I avoid the answer

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Credit: M. Jakubowski

I avoid the answer to the question I asked of tomorrow. Avoiding myself, too, as my half-life struggles, revealing itself to others, one hand dipped in the past, the other paddling along in the future.

I don’t know what time is, and I won’t know until it’s over. Having never begun. I can’t capture exactly what I mean, not yet at least. In theory I have it all figured out though. And ideally I don’t rely on puns.

But I am coming to understand in a very simple way that most of the anger and fear we have of others and ourselves, the crushing hatred grinding like the compounded gravity of distant entities light years away, with the weight of a mountain compressed into the size of a grain of sand, all that destructive power tends from hiccups in how we each experience time.

We can sit in a room together as half an hour passes on the clocks on our phones. But for me it has lasted twelve mental years and sixteen physical hours and three days of emotional turbulence. My levels are all over the place in time and space.

For you perhaps it’s just been a pleasant half an hour pretending to listen to project managers discuss resources as you think ahead to kinky stuff prearranged with someone equally happy to think ahead to the time alone they’ll soon have with you.

The strictures of demanding that everyone pretend time passes on one level, one plane, at the same rate, regularly day after day is fine for measuring scientific calculations and financial fees. I mean sure, I’ll be happy to bill you for each quarter hour, because our union fought hard for years for us to have that in our contract. Workers of the world have to be in the real world to achieve solidarity. Yes, yes. But what we gained or lost within the contours of our potential futures and potential happiness in that half hour in a meeting room is fundamentally divergent, as curved experience.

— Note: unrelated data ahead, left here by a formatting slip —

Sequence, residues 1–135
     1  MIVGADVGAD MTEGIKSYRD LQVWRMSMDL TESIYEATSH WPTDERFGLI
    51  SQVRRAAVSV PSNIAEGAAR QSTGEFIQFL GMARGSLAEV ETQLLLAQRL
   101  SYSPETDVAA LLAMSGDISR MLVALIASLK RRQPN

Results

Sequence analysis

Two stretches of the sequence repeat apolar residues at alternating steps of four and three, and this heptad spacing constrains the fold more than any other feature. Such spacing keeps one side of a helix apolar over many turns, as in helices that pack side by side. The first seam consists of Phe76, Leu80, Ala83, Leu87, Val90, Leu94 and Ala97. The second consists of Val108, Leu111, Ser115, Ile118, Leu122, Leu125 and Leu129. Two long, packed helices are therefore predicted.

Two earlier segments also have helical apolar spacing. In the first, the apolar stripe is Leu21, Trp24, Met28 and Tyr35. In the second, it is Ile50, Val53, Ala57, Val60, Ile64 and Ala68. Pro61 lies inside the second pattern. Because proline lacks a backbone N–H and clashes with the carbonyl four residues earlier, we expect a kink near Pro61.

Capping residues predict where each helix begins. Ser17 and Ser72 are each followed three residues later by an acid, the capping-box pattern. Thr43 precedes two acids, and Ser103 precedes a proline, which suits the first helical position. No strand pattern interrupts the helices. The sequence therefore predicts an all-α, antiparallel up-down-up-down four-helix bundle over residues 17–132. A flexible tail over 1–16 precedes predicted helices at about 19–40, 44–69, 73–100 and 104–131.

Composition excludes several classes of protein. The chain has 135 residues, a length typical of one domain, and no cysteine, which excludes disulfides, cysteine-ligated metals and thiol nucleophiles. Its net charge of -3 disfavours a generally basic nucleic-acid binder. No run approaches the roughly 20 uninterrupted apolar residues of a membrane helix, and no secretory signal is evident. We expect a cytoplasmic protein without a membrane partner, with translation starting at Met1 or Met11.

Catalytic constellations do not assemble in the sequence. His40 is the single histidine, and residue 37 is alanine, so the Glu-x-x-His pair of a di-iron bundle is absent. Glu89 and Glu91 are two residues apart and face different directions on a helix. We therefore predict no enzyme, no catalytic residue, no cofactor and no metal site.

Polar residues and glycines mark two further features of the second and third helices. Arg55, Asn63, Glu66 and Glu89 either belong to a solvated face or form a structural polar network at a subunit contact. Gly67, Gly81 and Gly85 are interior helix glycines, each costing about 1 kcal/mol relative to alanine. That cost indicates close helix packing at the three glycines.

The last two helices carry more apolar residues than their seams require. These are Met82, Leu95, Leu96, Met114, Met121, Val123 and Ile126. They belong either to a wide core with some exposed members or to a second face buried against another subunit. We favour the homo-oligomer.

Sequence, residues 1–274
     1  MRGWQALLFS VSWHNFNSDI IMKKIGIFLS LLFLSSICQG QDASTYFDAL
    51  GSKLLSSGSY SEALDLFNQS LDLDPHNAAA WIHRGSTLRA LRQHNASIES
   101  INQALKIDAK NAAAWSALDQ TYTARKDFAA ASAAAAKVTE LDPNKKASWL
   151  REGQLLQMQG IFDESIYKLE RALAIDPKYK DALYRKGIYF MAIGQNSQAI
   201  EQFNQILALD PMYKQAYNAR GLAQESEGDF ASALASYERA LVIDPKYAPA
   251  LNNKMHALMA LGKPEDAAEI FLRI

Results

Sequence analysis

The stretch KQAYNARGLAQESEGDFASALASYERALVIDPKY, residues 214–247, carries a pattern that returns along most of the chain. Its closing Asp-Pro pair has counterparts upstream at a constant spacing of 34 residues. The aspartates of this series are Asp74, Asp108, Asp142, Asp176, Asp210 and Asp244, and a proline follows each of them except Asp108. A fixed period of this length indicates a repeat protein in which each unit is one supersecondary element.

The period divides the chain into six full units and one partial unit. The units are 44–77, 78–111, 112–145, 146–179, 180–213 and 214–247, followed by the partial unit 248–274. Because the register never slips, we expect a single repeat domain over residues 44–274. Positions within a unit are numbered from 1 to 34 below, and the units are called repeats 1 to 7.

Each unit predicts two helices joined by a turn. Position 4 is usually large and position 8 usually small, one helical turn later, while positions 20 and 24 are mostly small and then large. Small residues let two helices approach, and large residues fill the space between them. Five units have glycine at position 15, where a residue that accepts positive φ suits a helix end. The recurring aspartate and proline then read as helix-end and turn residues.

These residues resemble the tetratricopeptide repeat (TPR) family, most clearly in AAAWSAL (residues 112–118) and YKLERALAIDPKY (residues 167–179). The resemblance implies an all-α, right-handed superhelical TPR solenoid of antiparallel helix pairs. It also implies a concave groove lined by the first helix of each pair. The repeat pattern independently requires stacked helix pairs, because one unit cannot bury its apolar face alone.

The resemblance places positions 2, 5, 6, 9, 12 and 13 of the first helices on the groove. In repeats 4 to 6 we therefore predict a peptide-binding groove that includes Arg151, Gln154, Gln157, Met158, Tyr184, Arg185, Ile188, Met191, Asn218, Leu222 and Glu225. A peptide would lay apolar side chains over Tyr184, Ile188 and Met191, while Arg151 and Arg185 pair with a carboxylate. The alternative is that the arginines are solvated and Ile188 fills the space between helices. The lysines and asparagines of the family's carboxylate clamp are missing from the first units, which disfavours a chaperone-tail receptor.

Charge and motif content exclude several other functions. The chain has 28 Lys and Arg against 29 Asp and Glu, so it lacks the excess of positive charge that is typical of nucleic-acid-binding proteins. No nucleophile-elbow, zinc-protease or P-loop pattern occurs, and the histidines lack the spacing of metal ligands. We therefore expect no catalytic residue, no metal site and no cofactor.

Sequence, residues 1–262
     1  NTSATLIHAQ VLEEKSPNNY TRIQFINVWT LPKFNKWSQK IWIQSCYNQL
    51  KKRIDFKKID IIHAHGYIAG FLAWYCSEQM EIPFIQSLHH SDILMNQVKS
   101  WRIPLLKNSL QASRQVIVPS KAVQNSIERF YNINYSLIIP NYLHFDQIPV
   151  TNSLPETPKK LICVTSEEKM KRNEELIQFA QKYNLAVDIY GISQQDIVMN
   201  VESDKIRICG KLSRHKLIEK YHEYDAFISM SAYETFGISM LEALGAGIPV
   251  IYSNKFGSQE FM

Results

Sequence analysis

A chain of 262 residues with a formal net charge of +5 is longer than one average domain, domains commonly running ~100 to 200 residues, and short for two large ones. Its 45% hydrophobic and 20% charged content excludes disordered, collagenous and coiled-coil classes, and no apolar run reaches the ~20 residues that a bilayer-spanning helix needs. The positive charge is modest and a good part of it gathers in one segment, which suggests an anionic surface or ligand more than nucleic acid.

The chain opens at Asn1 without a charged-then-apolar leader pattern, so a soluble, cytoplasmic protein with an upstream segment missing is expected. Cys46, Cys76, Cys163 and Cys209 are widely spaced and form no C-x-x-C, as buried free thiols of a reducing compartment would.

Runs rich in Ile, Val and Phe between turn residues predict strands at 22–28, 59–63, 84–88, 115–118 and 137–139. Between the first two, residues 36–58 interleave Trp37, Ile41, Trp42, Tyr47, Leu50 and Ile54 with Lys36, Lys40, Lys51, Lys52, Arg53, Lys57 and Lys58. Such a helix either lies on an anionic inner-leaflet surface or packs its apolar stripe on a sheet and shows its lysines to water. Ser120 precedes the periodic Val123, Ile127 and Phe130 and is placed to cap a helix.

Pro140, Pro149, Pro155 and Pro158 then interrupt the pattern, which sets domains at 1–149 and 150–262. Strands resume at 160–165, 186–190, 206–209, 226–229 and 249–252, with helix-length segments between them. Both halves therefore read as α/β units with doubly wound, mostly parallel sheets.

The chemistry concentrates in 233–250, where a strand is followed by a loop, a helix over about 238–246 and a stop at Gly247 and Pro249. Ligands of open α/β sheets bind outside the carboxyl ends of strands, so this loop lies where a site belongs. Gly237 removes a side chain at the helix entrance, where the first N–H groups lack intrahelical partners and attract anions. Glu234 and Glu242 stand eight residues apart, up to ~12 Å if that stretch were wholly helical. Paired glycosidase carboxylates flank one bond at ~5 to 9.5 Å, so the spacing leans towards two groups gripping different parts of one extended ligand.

I don’t mean to sound kooky or despairing, if I do, though, fine. I see this embarrassment or annoyance not as a desperate chaos dividing us, forever walling off me from you. Instead, it’s another way to name the identity transpiring around us, a time-identity that shifts. It’s okay not to feel comfortable in time all the time. Your energies and gravities and emotions and chemical imbalances and blood-sugar levels, hormonal fluctuations, caffeinated exclamations, lactation, menstruation, gestation, circulatory, ambulatory, sacred and unholy glory, all telling the infinitely unique-but common story within each body moment to moment. What could be more plain or beautiful?

Time is rampant and repetitive in its very common billion-fold hammering upon the human ore. Or something like a forge metaphor, under the hot hard tools of a great tinkerer in time. Sure, up there in the heavens we are astrologically pursued, sought after by the stardust we were extruded from in an eon now compressed into a tap upon a screen by someone thinking about sex during a boring business meeting. To be inside a moment then does require disciplined regard for the dangers of distraction. Inside, one or more elements are heeding the molecular call from a distant star. It requires Herculean focus to smile and nod while the deep harmonics of an expanding constellation sear your heart and mind and loins with their echo.

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